You know TED talk is a video made from a presentation at the main TED conference or one of its numerous satellite events found worldwide. TED talks may be on any topic and are limited to a maximum length of 18 minutes. An 18 minutes presentation is lengthy enough to be serious and brief to the point, enough to hold the viewers’ attention. The incredible online compatibility of this length is noteworthy. Simply the length of a coffee break, here you enjoy a great talk to forward the link to a couple of your friends.
Coming to recruiters around the world, very few actually realise which skills are required to be good at this job. The recruiter definitely needs to possess sales skills, besides knowing how to interact with candidates and clients. The recruiter needs to be a skilled multi-tasker who may also be ideally skilled in emotion management. Finally, a good recruiter must have a great memory to remember almost all the key talents they would speak to along their career besides having the vital ability to judge positions, candidates and companies for making sure the ideal match among them.
Here are five selected TED talks HR professionals are advised to watch. These come from five renowned speakers.
Margaret Heffernan’s ‘Forget the Pecking Order at Work’
Margaret Hefferman is the former CEO of five separate firms besides being a successful author. In her talk at the 2015 TEDWomen Conference, she highlights the idea that value is placed only on employees that perform high, using the ‘super-chicken model’. She says it is an outdated and unproductive model. As a welcome change, she forwards a couple of workplace aspects to the minds of HR managers – social cohesion and emotional sensitivity. Her point, all employees have potential and oppressing low-performing workers costs the company in terms of loyalty as well as productiveness, is significant.
Dan Pink’s ‘The Puzzle of Motivation’
This is one of the most popular TED talks for HR professionals. Pink, as a career analyst turns his insight into factors that motivate employees at the workplace. According to him, wrong is the traditional concept that the right motivation for the workers is a financial incentive. Instead, he stresses mastery and purpose as the keys to motivation when success and productivity of workers come to question. However, this is definitely contrary to what HR managers are traditionally taught.
Leila Hoteit’s ‘Three Lessons on Success from an Arab Business Woman’
HR managers are said to be often careless about the concept that women, especially those of colour, are valuable as well as integral to any business venture’s success. Leila Hoteit, an Arab businesswoman and engineer, in her TED talk at BCG Paris aims to change that. Although the essence of this talk hardly seems to be focusing totally on HR, it is still considered for serious viewing. A perspective is offered by Leila in this talk on how women looked at their workplace positions; particularly mothers with children or those working in an area which hardly has a precedent of potential businesswomen. Leila’s talk can be of great use for businesses seeking to employ women from separate cultural backgrounds.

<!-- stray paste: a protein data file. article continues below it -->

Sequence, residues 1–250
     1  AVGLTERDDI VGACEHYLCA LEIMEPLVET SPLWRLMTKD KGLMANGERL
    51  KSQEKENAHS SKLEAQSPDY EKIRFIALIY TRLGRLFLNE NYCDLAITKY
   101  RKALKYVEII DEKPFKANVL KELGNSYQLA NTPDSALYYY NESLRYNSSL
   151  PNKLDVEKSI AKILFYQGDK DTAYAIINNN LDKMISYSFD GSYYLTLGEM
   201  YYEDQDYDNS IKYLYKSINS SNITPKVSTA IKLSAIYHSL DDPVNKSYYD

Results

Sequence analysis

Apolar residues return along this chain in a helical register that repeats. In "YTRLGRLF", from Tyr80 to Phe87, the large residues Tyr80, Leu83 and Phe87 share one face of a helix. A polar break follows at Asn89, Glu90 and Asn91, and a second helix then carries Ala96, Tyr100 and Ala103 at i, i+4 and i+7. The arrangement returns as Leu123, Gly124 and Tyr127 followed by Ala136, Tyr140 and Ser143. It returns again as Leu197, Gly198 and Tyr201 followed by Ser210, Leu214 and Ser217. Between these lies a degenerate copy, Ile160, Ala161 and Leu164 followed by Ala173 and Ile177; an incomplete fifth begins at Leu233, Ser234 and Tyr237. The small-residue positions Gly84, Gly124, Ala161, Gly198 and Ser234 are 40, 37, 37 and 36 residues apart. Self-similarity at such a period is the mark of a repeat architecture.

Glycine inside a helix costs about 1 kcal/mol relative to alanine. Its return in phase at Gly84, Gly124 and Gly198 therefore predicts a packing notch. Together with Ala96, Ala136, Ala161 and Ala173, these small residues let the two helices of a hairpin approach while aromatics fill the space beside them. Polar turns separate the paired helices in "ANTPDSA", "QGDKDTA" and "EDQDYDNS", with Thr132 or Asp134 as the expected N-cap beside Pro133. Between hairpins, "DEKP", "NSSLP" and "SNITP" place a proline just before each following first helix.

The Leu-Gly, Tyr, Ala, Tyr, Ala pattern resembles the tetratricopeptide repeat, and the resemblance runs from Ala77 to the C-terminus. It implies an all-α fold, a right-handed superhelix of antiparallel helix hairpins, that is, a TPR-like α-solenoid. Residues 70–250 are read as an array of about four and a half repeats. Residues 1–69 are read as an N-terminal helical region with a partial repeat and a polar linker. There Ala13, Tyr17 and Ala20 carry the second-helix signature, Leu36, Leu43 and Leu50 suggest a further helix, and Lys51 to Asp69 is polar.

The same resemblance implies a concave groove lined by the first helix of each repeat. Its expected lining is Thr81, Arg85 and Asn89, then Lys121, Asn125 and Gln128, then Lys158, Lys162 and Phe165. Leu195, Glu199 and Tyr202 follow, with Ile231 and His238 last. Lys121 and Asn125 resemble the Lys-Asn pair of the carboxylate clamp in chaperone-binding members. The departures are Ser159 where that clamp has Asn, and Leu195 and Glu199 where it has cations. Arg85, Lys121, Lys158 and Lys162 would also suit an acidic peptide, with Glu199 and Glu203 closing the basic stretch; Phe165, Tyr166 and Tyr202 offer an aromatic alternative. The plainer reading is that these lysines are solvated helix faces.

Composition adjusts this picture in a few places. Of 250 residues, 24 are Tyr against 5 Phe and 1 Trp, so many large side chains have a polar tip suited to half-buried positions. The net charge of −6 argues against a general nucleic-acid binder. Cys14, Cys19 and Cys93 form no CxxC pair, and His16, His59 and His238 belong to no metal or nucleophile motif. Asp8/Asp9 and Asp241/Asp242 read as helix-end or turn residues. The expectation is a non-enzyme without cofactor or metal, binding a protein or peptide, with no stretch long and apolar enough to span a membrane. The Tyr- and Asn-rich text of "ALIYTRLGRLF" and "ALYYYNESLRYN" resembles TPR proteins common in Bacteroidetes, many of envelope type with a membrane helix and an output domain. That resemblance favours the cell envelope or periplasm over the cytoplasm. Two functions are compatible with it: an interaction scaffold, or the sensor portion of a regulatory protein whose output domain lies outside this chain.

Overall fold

Jason Fried’s ‘Why Work Doesn’t Happen at Work’
Many an HR manager can be misled by the title of this TED talk by Jason Fried who is popular as the founder head of Basecamp. The title can lure the viewers to assume it as something regarding freelancers. Also an author, Fried has given vital insight into when as well as where workers actually do their work. In his talk, he states that the majority of managers carry on operating on the idea that seeing workers work is inevitable. According to him, the fact is that most workers perform better when they are not distracted by both managers and meetings. Fried advocates the provision of uninterrupted time during work-hours for the employees, of course without senseless meetings.
Regina Hartley’s ‘Why the Best Hire Might Not Have the Perfect Resume’
A twenty-five year veteran of Human Resources management, Regina Hartley is an integral part of UPS Information Services and the force behind this widely accepted TED talk. A vital yet comfortable fact often deliberately overlooked by HR managers is what Hartley exposes in this talk. It is all about the idea that ideal recruitment on paper may not exactly deliver for a company as a candidate with an imperfect resume. The concept behind the talk extends to a message that candidates with less than perfect resumes may actually be more motivated or armed with the feel of empowerment since a firm obliges them by taking a chance on them. On the other hand, candidates with perfect resumes may feel less passionate or ambitious that those struggling for a position.